Severe illness means that the person with COVID-19 may need:
- Admission into an intensive care unit (ICU)
- A ventilator or special equipment to help them breathe
Other factors can further increase the risk of getting very sick from COVID-19 during or recently after pregnancy, such as:
- Having certain underlying medical conditions
- Being older than 25 years
- Living or working in a community with high numbers of COVID-19 cases
- Living or working in a community with low levels of COVID-19 vaccination
- Working in places where it is difficult or not possible to keep at least 6 feet apart from people who might be sick
- Being part of some racial and ethnic minority groups, which have been put at increased risk of getting sick from COVID-19 because of the health inequities they face
- Should I get the COVID-19 vaccine if I'm pregnant or was recently pregnant?
Yes. Getting the COVID-19 vaccine and boosters, is recommended for people who are pregnant, breastfeeding, trying to get pregnant now, or might become pregnant in the future.
If you have questions about getting vaccinated, talking with your healthcare professional might help, but it is not required. You can also contact MotherToBaby, a free and confidential service with experts available to answer questions in English or Spanish by phone or chat. They are available Monday–Friday, 8am–5pm (local time). To reach MotherToBaby:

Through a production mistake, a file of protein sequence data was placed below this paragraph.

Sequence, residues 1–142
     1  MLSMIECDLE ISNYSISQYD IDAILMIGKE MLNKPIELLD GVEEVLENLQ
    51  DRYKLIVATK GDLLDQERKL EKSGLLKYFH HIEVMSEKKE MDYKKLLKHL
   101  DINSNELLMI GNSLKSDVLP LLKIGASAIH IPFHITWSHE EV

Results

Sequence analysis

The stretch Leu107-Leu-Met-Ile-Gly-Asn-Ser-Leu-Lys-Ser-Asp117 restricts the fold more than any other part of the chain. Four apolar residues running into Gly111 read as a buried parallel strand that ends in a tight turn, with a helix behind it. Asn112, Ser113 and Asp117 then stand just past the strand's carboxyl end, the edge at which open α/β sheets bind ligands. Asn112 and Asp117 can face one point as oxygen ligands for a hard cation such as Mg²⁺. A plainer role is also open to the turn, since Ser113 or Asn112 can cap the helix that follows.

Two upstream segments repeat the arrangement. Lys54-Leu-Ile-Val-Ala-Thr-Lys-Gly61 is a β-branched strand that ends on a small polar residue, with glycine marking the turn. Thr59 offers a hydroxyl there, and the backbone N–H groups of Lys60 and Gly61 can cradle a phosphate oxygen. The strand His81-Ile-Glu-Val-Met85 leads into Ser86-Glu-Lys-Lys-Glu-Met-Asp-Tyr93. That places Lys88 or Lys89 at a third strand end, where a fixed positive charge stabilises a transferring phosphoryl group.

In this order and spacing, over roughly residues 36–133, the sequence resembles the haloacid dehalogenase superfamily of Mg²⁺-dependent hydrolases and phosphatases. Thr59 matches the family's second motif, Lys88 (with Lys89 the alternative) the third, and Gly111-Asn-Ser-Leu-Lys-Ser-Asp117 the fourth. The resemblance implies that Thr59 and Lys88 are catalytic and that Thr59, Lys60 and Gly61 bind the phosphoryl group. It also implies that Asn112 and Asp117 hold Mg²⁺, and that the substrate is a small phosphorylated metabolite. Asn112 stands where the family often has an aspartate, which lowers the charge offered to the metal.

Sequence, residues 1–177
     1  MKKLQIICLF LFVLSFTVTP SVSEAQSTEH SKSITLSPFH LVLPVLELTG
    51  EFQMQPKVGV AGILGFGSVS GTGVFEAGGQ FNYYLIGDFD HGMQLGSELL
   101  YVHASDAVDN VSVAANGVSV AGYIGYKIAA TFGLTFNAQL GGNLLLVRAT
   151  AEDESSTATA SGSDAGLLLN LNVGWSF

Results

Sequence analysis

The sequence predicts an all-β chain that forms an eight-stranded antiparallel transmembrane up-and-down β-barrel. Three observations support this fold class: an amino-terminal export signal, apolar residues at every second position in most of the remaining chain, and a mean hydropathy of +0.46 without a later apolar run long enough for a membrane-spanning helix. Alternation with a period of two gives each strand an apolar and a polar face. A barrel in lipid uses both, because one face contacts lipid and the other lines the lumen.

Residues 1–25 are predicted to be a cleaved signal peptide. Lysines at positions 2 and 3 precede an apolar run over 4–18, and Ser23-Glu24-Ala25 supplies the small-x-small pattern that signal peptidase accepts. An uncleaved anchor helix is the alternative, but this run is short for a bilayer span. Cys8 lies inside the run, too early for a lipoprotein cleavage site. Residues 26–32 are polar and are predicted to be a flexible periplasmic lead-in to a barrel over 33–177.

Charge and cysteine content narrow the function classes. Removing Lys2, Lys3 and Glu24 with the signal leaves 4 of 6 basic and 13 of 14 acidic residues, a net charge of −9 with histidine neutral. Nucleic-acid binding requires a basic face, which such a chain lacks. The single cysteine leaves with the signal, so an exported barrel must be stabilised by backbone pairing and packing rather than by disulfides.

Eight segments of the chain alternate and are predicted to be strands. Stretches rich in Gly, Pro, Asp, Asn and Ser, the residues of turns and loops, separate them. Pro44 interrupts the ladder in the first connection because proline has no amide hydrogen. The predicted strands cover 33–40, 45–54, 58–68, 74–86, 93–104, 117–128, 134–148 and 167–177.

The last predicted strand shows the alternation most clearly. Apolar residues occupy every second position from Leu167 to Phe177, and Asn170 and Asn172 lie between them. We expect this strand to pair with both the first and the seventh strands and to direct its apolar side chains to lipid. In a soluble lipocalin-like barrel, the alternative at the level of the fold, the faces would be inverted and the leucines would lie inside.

- Call 1-866-626-6847
- Chat live or send an email MotherToBaby
- How can I stay healthy during and after pregnancy?
- Limit in-person interactions with people who might have been exposed to COVID-19.
- If you or someone in your household is sick with COVID-19, follow CDC guidance for isolation.
- Avoid crowds and poorly ventilated indoor spaces.
- Keep all your healthcare appointments during and after pregnancy.
- Talk to your healthcare professional about staying healthy and taking care of yourself and the baby.
- Get recommended vaccines during pregnancy, including the COVID-19 vaccine.
- Call your healthcare professional if you have any concerns about your pregnancy, if you get sick, or if you think you may have COVID-19.
- Do not delay getting emergency care because of worries about getting COVID-19.
- Seek medical care immediately if you experience any urgent maternal warning signs and symptoms. (For example, a headache that won’t go away, dizziness, fever, severe swelling of the hand, face, arm, or leg, trouble breathing, chest pain or fast-beating heart, severe nausea and throwing up, or vaginal bleeding or discharge during or after pregnancy)
- How might COVID-19 affect my delivery and newborn?
People with COVID-19 during pregnancy are more likely to experience complications that can affect their pregnancy and developing baby compared to people without COVID-19 during pregnancy. For example, COVID-19 during pregnancy increases the risk of delivering a preterm (earlier than 37 weeks) or stillborn infant. People with COVID-19 during pregnancy may also be more likely to have other pregnancy complications.
Need more details about general health and safety related to COVID-19 and vaccinating your children?